“Tous Ensemble (all together in French) is the name that Wells uses at Copain (French for friend or pal) to indicate wines that are intended to appeal to a wide audience. It may also mean that the grapes for this wine come from several vineyards, blended together to create this lovely wine.”

Price: $26.39 – $29.99

Lustau Los Arcos Dry Amontillado

lustau_dry_amontillado-156x375Sherry was the order of the day for Dave McIntyre, writing in the Washington Post, this week. One of his recommendations was this Amontillado from Jerez which he gave 2.5 of 3 stars.

He said: “An excellent amontillado, featuring the nutty flavours and light body of a fino, with hints of candied fruit that come with additional ageing and exposure to oxygen in the cask. Lustau makes a wide variety of sherries, all excellent and recommended, and with the best availability in the Washington region. ABV: 18.5 percent.”

Price: $18

Tenuta Castelbuono Montefalco Sagrantino 2007, Italy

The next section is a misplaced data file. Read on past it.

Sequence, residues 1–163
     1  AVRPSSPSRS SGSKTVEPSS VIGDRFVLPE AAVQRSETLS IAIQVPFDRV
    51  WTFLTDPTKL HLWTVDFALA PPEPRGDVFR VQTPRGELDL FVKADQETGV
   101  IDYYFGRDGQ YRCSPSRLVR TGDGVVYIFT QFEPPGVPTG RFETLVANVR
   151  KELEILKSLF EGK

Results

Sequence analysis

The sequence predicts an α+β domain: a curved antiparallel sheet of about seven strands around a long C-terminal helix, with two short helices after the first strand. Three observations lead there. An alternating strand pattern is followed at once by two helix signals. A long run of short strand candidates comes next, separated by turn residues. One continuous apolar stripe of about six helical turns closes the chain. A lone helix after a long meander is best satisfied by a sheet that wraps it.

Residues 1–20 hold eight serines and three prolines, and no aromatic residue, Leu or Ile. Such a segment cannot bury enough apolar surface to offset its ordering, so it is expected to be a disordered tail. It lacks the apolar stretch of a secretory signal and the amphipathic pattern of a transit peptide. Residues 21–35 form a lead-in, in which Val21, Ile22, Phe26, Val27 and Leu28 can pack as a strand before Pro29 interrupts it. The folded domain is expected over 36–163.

Castelbuono01Sagrantino is an ancient italian grape, grown in Umbria, that is “relatively unknown to Americans”, according to Dennis Sodomka writing in the Augusta Chronicle this week.

He said: “I think that’s about to change as many of these blockbuster wines start making their way into our wine shops. 

“The Tenuta Castelbuono Montefalco Sagrantino 2007 is one of the better examples I’ve tasted recently, and it’s at a moderate price. It’s a beautiful deep purple in the glass with intense aromas of blackberry and blueberry jam. The flavors are black cherry, spice and a touch of licorice.

“Sagrantino is a very tannic grape, but these tannins are soft and integrated. You still get a bone-dry feeling in your mouth, and you feel the body and depth of the wine, but there is no harshness. The finish is long and elegant.The wine is 100 percent Sagrantino from the historic Brogliano vineyard whose clay soils produce top-quality grapes.”

 

 

Kendall-Jackson Grand Reserve Chardonnay 2012